Google launched a new application programming interface (API)on Friday that is designed to help developers make use of social networking relationship data.
The Google Social Graph API provides developers with an easy way to control social relationships in their applications and on their Web sites. Developers can code applications which can link up people on the Web. That means that the new APIs will prevent social network users the hassle of redeveloping their entire network of friends when they join new networks.
Google will then take the final data and make it available to third parties, who can build this into their applications and Google will include this in their Google Open Social applications.
You can make it easy for users to bring their existing social connections into a new Web site and as a result, users will spend less time rebuilding their social networks and more time giving your app the love it deserves, explained Google engineer Brad Fitzpatrick in a blog post.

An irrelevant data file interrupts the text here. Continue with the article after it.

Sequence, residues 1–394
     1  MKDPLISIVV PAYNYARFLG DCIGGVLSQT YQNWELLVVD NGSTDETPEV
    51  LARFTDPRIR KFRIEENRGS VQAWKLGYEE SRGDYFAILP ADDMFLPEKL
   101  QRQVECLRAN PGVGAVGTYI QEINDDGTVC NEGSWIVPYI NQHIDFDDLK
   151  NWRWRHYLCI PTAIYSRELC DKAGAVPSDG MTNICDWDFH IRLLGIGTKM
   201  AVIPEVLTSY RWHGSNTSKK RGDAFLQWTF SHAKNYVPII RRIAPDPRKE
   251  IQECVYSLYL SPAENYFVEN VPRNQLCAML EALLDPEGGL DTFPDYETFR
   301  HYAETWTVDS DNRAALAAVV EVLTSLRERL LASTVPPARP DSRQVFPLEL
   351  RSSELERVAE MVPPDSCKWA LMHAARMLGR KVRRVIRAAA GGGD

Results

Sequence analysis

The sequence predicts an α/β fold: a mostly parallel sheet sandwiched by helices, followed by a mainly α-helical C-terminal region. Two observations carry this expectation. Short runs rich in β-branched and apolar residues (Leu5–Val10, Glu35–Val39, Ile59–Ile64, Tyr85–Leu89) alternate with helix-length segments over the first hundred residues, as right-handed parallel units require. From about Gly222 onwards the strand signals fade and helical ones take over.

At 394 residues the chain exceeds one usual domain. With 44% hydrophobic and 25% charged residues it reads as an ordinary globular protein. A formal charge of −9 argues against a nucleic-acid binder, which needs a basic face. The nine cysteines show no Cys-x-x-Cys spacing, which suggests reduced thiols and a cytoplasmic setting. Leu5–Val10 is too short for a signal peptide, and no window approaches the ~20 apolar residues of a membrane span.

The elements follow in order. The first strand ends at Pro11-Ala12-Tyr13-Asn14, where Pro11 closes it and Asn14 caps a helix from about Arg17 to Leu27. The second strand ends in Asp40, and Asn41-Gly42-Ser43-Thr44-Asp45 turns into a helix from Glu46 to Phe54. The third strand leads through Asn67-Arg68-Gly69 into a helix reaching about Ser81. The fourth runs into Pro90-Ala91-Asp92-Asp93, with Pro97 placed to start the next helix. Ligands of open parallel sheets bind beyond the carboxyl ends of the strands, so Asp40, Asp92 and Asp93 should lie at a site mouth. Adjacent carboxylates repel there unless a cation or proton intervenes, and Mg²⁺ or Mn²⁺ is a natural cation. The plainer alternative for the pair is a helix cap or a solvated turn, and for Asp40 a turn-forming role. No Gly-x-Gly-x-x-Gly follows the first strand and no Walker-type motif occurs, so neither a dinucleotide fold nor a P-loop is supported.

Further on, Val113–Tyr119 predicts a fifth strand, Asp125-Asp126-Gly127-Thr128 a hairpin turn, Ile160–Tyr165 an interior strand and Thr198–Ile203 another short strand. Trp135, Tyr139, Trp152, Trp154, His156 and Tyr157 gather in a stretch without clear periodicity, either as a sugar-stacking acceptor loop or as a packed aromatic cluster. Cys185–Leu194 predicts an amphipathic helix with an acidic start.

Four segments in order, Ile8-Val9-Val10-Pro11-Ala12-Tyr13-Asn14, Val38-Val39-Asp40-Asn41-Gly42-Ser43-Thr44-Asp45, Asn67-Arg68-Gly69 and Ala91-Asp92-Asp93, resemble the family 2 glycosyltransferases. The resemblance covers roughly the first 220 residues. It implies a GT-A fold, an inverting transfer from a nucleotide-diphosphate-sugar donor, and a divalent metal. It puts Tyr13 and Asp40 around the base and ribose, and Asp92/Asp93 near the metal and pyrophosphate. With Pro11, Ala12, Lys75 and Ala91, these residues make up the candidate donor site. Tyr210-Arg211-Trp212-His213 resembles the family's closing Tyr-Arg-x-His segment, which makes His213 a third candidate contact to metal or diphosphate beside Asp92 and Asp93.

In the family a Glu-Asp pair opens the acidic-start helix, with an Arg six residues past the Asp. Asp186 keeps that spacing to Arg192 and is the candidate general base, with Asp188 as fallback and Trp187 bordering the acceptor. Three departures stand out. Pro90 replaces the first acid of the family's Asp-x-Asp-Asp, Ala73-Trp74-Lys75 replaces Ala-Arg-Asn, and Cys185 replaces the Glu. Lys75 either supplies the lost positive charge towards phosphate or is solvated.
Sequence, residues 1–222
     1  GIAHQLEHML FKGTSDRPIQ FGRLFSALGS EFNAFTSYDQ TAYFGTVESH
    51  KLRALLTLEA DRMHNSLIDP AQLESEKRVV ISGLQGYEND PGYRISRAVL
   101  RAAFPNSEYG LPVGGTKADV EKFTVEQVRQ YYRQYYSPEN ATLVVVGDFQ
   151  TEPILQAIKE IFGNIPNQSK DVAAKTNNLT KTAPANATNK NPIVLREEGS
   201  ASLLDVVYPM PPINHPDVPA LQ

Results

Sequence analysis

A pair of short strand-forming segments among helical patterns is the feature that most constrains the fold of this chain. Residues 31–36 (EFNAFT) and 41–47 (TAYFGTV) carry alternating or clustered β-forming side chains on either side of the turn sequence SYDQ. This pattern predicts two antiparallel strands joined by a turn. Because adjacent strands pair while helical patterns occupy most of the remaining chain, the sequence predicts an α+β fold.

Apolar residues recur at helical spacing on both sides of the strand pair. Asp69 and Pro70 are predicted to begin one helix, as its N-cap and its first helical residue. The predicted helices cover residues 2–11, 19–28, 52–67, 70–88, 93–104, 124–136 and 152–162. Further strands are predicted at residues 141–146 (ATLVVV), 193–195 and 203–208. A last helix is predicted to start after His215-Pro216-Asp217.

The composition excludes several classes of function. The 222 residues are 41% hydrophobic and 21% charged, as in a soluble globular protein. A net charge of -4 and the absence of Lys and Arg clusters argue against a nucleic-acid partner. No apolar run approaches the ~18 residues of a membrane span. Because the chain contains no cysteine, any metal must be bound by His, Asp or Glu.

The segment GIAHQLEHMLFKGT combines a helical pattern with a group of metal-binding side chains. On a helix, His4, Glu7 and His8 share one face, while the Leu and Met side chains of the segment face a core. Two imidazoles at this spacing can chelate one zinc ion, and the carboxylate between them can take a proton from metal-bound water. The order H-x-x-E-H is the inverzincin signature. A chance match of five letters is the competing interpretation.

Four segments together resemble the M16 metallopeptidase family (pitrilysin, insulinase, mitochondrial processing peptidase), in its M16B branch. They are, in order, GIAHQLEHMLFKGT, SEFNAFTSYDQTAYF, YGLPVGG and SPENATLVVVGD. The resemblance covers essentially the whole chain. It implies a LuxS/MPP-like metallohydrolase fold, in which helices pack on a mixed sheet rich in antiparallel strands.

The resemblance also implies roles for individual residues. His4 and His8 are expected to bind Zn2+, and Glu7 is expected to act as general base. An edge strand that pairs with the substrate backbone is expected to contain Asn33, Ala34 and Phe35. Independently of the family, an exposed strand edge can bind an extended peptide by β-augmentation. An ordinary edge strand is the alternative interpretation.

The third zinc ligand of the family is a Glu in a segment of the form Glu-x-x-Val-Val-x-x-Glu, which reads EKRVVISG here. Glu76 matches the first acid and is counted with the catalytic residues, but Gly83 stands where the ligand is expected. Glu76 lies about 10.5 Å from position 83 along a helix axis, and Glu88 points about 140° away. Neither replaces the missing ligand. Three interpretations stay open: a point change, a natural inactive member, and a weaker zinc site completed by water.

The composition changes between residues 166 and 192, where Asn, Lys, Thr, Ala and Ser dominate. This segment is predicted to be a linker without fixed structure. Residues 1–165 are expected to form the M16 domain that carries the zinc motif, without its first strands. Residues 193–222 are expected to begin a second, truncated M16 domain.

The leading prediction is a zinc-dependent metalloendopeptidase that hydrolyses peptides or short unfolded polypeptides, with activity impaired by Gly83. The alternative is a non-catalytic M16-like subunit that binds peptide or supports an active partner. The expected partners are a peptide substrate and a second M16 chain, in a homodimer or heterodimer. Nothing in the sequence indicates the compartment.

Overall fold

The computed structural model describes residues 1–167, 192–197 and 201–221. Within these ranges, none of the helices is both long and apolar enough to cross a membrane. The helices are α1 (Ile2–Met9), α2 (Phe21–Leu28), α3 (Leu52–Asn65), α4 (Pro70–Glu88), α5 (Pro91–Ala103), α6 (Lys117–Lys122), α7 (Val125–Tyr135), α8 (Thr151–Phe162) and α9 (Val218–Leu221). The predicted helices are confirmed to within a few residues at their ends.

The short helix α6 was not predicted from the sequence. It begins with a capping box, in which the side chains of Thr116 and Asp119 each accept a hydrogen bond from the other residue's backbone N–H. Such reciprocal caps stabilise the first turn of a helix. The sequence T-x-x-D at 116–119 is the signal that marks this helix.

A developer can use the Social Graph API to create a button for a Web site that allosw a registered user to easily add friends. This makes social data more portable and as result, makes social networks like Facebook and Myspace less relevant.
Fitzpatrick explained that Google will crawl the Web to find publicly declared relationships between people's accounts, just like Google crawls the Web for links between pages. But instead of returning links to HTML documents, the API returns JSON data structures representing the social relationships we discovered from all the XFN and FOAF.
When a user signs up for your app, you can use the API to remind them who they've said they're friends with on other sites and ask them if they want to be friends on your new site, he added.